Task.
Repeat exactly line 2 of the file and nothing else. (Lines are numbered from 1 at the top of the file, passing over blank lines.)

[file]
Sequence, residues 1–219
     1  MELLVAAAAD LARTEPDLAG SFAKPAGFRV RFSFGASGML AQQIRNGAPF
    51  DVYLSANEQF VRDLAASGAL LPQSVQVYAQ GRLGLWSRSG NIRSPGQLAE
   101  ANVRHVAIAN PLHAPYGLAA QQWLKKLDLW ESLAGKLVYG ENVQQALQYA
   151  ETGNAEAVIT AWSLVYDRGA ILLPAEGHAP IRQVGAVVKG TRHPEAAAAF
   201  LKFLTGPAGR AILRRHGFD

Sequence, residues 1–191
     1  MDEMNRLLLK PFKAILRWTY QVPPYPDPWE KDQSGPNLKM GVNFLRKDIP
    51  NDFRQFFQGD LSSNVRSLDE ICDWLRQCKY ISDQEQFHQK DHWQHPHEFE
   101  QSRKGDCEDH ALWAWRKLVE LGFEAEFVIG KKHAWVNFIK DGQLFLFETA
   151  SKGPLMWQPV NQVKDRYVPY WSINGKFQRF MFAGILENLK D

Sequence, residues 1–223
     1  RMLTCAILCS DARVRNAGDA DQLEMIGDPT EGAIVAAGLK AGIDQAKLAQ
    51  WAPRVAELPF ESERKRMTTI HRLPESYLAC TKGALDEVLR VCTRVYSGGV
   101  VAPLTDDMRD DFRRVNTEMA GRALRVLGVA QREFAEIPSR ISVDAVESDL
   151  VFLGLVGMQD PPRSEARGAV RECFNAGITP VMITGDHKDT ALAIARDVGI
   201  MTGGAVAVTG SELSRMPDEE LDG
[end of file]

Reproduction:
     1  MELLVAAAAD LARTEPDLAG SFAKPAGFRV RFSFGASGML AQQIRNGAPF